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August 15, 2022

Novavax asks FDA to authorize its COVID-19 booster shot

To generate an immune response, the vaccine uses more traditional technology than those utilized by Moderna and Pfizer

Novavax is asking the U.S. Food and Drug Administration to authorize its COVID-19 booster shot, pitching its more traditional formulation as an asset in the U.S. vaccination push.  

The two most common booster shots available, made by Moderna and Pfizer-BioNTech, utilize a newer technology to develop an immune response. The Novavax vaccine relies on a protein-based approach that has been used for decades in vaccines against hepatitis B and HPV.

"It's important for people to have a choice as they evaluate how to stay protected against COVID-19, and boosters are an invaluable tool to build upon immunity obtained from previous vaccinations," Novavax CEO Stanley C. Erck said Monday.

In July, the Novavax vaccine was authorized as a primary vaccine series, joining those made by Moderna, Pfizer and Johnson & Johnson. Any adults eligible for a booster, regardless of their primary series, would be able to get a Novavax shot.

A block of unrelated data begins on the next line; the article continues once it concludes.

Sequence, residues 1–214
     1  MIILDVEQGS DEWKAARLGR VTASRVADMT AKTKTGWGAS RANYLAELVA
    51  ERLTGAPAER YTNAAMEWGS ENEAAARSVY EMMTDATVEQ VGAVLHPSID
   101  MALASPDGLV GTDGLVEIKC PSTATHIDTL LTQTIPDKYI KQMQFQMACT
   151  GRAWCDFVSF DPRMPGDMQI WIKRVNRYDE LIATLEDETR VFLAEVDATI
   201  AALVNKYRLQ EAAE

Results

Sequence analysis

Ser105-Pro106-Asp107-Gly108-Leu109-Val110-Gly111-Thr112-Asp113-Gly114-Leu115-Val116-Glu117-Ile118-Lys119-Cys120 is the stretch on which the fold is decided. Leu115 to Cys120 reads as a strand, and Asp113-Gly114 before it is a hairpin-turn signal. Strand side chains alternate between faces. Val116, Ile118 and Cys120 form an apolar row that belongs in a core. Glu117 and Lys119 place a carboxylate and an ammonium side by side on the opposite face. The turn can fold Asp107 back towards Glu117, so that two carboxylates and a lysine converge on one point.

Novavax's submission comes as the public awaits omicron-specific boosters from Moderna and Pfizer. Those vaccines will target the original coronavirus and the two most recent omicron subvariants, BA.4 and BA.5. 

The Novavax booster only targets the original virus, but its vaccine has been billed as an option for people who have been reluctant to utilize the other vaccines. 

The vaccines made by Pfizer and Moderna use similar mRNA technology that uses the genetic code of the coronavirus to trigger an immune response. The J&J vaccine uses a genetically-modified virus, but the U.S. Centers for Disease Control and Prevention has recommended it only be used in limited circumstances due to safety concerns. 

The Novavax vaccine contains a full-length spike protein of the coronavirus mixed with an adjuvant to boost immune response. The protein cannot replicate or cause disease. This technology also has been used to develop an influenza vaccine that has been available in the U.S. for almost a decade.

The CDC recommends everyone ages 6 months and older get vaccinated against COVID-19. Those ages 5 and older are eligible for booster shots, but children only can receive the Moderna or Pfizer boosters. Adults ages 50 and older, and people who are immunocompromised, can get a second booster dose. 

Novavax based its application for a booster on data in a pair of trials. In one study, healthy adults received the booster dose at least 6 months after their primary two-dose vaccination series of the Novavax vaccine. In the other, their primary series was from another COVID-19 vaccine.

According to study findings, all participants experienced a robust antibody response. Major adverse side effects were rare. 

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